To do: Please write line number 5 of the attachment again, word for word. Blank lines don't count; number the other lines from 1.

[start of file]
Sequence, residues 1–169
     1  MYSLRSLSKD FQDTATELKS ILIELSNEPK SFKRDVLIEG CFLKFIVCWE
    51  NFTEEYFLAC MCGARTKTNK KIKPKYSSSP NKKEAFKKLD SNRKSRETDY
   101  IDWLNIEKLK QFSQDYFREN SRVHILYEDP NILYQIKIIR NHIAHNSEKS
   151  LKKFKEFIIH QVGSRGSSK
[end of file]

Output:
   151  LKKFKEFIIH QVGSRGSSK